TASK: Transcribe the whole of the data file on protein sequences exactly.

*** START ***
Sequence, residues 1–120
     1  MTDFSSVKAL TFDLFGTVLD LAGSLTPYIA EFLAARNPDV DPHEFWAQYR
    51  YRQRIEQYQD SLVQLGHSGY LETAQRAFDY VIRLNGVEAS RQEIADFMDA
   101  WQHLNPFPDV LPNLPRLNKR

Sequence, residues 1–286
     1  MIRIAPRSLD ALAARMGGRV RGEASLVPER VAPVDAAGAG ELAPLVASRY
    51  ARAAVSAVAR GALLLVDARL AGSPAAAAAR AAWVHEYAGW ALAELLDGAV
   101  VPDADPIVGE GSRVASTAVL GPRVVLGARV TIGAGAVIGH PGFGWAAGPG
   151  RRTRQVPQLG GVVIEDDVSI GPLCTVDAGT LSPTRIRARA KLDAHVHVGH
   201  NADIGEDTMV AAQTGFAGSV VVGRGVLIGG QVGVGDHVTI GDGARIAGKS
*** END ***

Sequence, residues 1–120
     1  MTDFSSVKAL TFDLFGTVLD LAGSLTPYIA EFLAARNPDV DPHEFWAQYR
    51  YRQRIEQYQD SLVQLGHSGY LETAQRAFDY VIRLNGVEAS RQEIADFMDA
   101  WQHLNPFPDV LPNLPRLNKR

Sequence, residues 1–286
     1  MIRIAPRSLD ALAARMGGRV RGEASLVPER VAPVDAAGAG ELAPLVASRY
    51  ARAAVSAVAR GALLLVDARL AGSPAAAAAR AAWVHEYAGW ALAELLDGAV
   101  VPDADPIVGE GSRVASTAVL GPRVVLGARV TIGAGAVIGH PGFGWAAGPG
   151  RRTRQVPQLG GVVIEDDVSI GPLCTVDAGT LSPTRIRARA KLDAHVHVGH
   201  NADIGEDTMV AAQTGFAGSV VVGRGVLIGG QVGVGDHVTI GDGARIAGKS